This “Hydrogen Battery” Might Overcome Energy’s Biggest Roadblock

Hydrogen has always been an intriguing alternative energy source.

Pound for pound, it contains almost three times as much energy as natural gas, and when consumed, its only emission is pure, plain water.

The problem with this “miracle fuel” has always been the price.

The capital expenditures required to transport, store, and deliver hydrogen in large commercial volumes are staggering.

Even after improvements in the prototype models, it still costs almost $200 million per mile to move the fuel in a properly encased pipeline. And without the infrastructure, there won’t be a “hydrogen economy.”

But that doesn’t mean hydrogen as an energy source is completely without merit – far from it.

In fact, aside from local generation for local use, hydrogen may now be on the verge of solving one of energy’s biggest obstacles.


It’s the problem of storage, and a new “hydrogen battery” may just hold the key…

Storage: Energy’s Biggest Roadblock

Of course, as many of you know, I have been arguing in favor of a wider energy balance for years now. This approach emphasizes a greater number of available energy sources, while also improving their interchangeability.

The objective is to create as seamless an energy fabric as possible, using multiple flows of energy to meet demand with a result of increased efficiency.

This forward-looking equation is going to require more renewable energy sources, especially solar and wind. You see, unlike other approaches, mine does not require a “silver bullet.”

It’s not dependent upon the development of a new source of energy to wean society from crude oil. Rather, the goal is to integrate of all of the available energies into a flexible whole.

In this case, the more genuinely distinct energy sources a system has, the better.

There’s only one problem: the elusive ability to store energy for later use. This shortcoming is true across the board when it comes to generating electricity, but it’s especially problematic for wind and solar power.

This single limitation is the biggest roadblock to efficiently delivering electricity on demand from a range of sources, including renewables.

In turn, that has created a race to develop a high volume battery, which would have a huge impact on how much energy costs and the ease with which we can use it.

And that’s where hydrogen may prove to be the decisive key.

A “Hydrogen Battery” Breakthrough

In fact, the Japanese mega-corporation Toshiba (OTC: TOSBF) recently achieved a significant advance in large-scale electricity storage using hydrogen. It just may be the solution the energy market is looking for.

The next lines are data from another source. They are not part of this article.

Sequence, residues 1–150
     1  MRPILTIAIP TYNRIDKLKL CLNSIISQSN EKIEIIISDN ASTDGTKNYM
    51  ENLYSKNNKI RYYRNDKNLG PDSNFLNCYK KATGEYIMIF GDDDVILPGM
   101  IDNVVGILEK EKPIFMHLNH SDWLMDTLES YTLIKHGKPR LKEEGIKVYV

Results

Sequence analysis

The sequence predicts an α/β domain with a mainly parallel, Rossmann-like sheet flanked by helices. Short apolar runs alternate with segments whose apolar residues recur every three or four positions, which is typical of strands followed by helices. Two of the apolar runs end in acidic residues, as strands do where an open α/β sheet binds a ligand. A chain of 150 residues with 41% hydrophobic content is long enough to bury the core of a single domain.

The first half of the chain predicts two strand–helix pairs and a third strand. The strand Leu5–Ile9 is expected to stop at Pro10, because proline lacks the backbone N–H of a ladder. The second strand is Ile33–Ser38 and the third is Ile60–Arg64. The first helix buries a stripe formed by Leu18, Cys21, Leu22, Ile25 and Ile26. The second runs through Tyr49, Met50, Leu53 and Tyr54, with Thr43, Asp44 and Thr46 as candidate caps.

Two weeks ago, the Nikkei Asia Review (NAR) announced the development as follows:

“Toshiba has developed a way to use hydrogen to store large quantities of electricity for extended periods of time, with a storage system deploying the technology potentially reaching the market in 2020.

“The Japanese company will first provide a system capable of storing up to 40,000 kilowatt-hours of electricity – enough to power 10,000 households for eight hours. The system will be made by assembling fuel cells, electrolysis equipment and hydrogen storage tanks on a 600 square meter plot. Hydrogen obtained through electrolysis will be stored in the tanks and reacted as needed with oxygen in the air via the fuel cells to produce electricity.”

OK, so far this looks like another attempt to serialize hydrogen fuel cells. There have been some notable successes in fuel cell use (especially by the military), but there is much more here, as NAR notes.

“Energy conversion efficiency is a measure of how much energy can be reproduced when the energy is made to change forms. Toshiba’s system has an energy conversion efficiency of 80%, exceeding the 70% efficiency of pumped-storage hydroelectricity, in which water is pumped to a higher elevation and then released to generate power.

“The energy storage efficiency of typical storage batteries is thought to be around 80%, but massive quantities of electrode materials are necessary to increase capacity. A 40,000kwh storage battery would cost nearly 2 billion yen ($16.8 million). Such batteries also have problems with long-term storage due to self-discharge.

“If safety technology to prevent leaks can be secured, the capacity of a system using hydrogen could be increased simply by enlarging the size of the tanks. The total cost including installation and operation would reportedly be reduced by half compared with existing storage batteries.”

That savings certainly increases the interest and the viability, since reducing the cost of very large capacity storage options has always been essential.

But the real difference in this approach is in its ability to give solar and wind power enough pricing leverage to transform the grid.

As NAR puts it:

“To producers of renewable energy such as solar and wind power, the ability to store surplus electricity at low cost would help to cushion the risks from unsold output. The technology is also envisioned for use by local municipalities as an emergency power source during disasters. Toshiba plans to install a small-scale test system capable of storing 350kwh of electricity in Kawasaki this spring.”

Given these new developments, we may be on the verge of something quite important here.

So don’t be so quick to write off the value of hydrogen to the energy markets. I’ll have more on this as it develops.

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